You can’t fight Conway’s law (but you can certainly waste energy trying) — Practical implications of Conway’s law
Most software that performs non-trivial tasks, is complex. We understand that and welcome that. However, we often feel that much of the software we design, create and deploy is more complex than need be, or “unnecessarily complex“. We are constantly trying to figure ways of reducing this “accidental complexity”.
In 1968 Melvin Conway published the idea that there is a “very close relationship between the structure of a system and the structure of the organization which designed it.” Over the decades, this law has repeatedly been observed to be true. This law has many implications that if properly considered, might allow us to make software design simpler, and if ignored will make our software more complicated than need be. You can ignore or even fight Conway’s law by trying to create software that does not correlate to the organizational structure. But Conway’s law will always be there and will almost always win.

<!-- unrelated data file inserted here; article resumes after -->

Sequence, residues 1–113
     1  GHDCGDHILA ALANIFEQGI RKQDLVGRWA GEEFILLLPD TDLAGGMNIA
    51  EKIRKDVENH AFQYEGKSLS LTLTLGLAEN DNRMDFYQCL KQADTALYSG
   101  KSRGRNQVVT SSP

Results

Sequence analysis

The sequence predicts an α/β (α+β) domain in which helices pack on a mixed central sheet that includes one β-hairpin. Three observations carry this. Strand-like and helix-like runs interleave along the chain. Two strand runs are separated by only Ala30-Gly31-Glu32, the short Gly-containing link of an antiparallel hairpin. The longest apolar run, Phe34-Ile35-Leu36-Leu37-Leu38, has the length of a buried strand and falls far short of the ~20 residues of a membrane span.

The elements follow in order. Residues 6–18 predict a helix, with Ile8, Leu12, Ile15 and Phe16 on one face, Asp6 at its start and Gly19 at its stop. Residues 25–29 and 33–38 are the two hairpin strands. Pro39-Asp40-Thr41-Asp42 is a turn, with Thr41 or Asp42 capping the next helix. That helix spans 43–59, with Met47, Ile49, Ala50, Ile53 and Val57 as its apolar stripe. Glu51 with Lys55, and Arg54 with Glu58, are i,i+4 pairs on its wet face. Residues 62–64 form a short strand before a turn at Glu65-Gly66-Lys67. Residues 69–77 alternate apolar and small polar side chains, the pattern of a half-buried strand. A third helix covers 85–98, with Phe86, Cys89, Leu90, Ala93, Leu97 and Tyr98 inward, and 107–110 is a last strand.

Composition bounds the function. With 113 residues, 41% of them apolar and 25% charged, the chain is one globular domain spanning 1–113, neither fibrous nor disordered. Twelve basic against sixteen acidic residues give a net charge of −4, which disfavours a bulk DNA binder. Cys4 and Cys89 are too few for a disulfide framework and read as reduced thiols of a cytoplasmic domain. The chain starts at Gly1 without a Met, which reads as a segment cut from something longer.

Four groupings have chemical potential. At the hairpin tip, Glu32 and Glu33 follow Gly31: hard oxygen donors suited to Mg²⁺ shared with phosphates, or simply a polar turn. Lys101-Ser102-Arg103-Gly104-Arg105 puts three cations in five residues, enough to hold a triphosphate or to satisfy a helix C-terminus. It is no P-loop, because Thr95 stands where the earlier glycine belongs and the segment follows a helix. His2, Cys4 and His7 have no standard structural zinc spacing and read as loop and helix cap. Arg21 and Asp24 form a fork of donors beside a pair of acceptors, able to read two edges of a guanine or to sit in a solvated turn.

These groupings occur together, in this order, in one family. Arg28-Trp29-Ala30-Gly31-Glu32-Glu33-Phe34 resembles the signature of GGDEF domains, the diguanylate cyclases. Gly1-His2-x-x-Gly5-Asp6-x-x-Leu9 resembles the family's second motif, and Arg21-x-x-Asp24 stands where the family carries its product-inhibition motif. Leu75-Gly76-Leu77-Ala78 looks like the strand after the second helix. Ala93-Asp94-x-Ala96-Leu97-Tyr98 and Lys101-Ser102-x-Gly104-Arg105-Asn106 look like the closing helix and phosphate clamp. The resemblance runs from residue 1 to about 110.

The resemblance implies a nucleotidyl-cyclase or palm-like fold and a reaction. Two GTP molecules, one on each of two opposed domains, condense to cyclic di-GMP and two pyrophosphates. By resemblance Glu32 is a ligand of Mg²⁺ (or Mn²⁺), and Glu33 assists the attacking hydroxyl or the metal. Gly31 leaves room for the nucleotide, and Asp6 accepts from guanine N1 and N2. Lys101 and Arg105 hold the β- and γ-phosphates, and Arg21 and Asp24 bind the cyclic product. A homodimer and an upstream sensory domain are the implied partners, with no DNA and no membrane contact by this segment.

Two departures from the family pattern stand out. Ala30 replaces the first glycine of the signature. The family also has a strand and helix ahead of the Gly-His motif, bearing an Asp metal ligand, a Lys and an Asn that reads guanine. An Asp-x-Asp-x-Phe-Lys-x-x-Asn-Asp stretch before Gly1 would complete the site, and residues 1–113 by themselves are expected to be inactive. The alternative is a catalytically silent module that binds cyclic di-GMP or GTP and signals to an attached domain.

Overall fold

This thought provoking talk explores the roots of the complexities through the prism of “Conway’s law”. In this talk Avraham presents some of the implications of Conway’s law as well as theoretical limits to the reduction of complexity. Understanding those limits can help us better focus expectations and hence our resources.
Bio: Avraham is a Senior Architect with Cisco tasked with designing complex PayTV systems. He also researches and teaches theory of software development. He is currently studying, writing and teaching on the complex relationships between the organizations that create software and the software they create.